About 120 community members participated in Duke’s National Night Out on Tuesday, enjoying hot dogs, live music, and chances at dunking police officers in a dunk tank.
The annual event, held on Central Campus, promotes police-community partnerships. It also served as a reunion for alumni of the Duke University Police Department’s Citizens’ Police Academy, a six-week course that teaches Duke staff, faculty and students about crime prevention and police operations.
“Events like this are important to develop that connection with the community, so that they know us and we know them,” said John Dailey, Duke University police chief.
Here are some moments from Duke’s National Night Out:
Duke Police Officer Enrique Ramirez holds an information card about LiveSafe, a free app that allows students, staff and faculty to submit tips 24/7 through the touch of a button. With the “SafeWalk” feature, the app uses GPS technology that enables individuals to invite others to “virtually escort” them to a location on a real-time map.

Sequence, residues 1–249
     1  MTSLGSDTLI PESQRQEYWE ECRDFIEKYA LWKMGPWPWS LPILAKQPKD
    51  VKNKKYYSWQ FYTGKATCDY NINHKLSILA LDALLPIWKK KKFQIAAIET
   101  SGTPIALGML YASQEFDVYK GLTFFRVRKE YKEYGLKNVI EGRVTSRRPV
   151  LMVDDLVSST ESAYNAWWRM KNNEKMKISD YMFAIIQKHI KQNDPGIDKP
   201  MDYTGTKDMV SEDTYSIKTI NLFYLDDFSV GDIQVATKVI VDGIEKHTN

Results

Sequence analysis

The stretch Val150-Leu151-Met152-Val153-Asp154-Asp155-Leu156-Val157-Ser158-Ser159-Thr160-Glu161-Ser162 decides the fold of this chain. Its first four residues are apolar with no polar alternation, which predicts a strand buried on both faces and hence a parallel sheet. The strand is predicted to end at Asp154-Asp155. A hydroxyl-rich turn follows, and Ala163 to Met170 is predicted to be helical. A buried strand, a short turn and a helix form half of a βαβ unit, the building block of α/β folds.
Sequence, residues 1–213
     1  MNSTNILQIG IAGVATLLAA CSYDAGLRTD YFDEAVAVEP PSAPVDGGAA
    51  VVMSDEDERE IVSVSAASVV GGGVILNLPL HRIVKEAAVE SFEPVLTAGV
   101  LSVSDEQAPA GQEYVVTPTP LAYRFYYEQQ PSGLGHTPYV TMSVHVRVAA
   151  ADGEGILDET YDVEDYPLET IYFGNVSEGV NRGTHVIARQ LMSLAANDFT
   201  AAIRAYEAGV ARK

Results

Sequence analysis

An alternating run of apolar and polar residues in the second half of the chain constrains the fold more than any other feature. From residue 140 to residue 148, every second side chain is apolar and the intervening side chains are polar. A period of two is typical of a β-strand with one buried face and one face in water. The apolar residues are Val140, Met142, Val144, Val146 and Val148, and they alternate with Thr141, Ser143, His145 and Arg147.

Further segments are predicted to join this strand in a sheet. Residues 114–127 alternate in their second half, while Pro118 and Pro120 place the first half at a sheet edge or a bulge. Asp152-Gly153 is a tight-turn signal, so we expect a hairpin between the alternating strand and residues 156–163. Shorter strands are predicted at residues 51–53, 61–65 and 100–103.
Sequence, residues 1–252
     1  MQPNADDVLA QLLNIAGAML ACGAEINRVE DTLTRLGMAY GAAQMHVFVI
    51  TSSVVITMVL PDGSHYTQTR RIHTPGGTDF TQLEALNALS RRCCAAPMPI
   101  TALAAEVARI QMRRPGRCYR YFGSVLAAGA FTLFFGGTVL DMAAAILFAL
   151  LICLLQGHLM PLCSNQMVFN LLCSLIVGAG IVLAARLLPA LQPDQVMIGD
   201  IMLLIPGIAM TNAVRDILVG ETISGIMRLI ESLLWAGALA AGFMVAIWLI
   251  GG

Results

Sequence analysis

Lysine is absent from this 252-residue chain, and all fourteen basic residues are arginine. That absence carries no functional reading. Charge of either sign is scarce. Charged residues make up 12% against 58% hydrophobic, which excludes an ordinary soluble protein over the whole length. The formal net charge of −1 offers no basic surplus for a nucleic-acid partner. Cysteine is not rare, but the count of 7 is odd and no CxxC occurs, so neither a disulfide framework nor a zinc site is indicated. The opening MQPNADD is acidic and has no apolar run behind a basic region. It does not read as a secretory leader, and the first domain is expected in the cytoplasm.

Kelly George, a community services officer with Duke Police, plays Wii “Duck Hunt” with Duke Police Officer Lachanda Williams, left, during National Night Out on campus. “Trust me, I did terrible,” Williams said after the game finished. The Wii challenge was one of several family-friendly events during Tuesday’s event.
Ann Hale, a financial care counselor with Duke's Durham Gastroenterology Consultants and an alumna of Duke’s Citizens’ Police Academy, tosses a bag during cornhole. National Night Out also functioned as a reunion for Citizens’ Police Academy, a six-week course that teaches Duke staff, faculty and students about crime prevention and police operations.
Duke Police Assistant Chief James Bjurstrom sits in the dunk tank as children prepare to take aim.
Duke Police Assistant Chief James Bjurstrom takes a dip in the dunk tank. Several police officers took turns in the dunk tank throughout the evening. Bjurstrom’s tips for dunking booth survival? “Try to not make people angry. When they’re angry, they’re a little more accurate in their throw,” he said.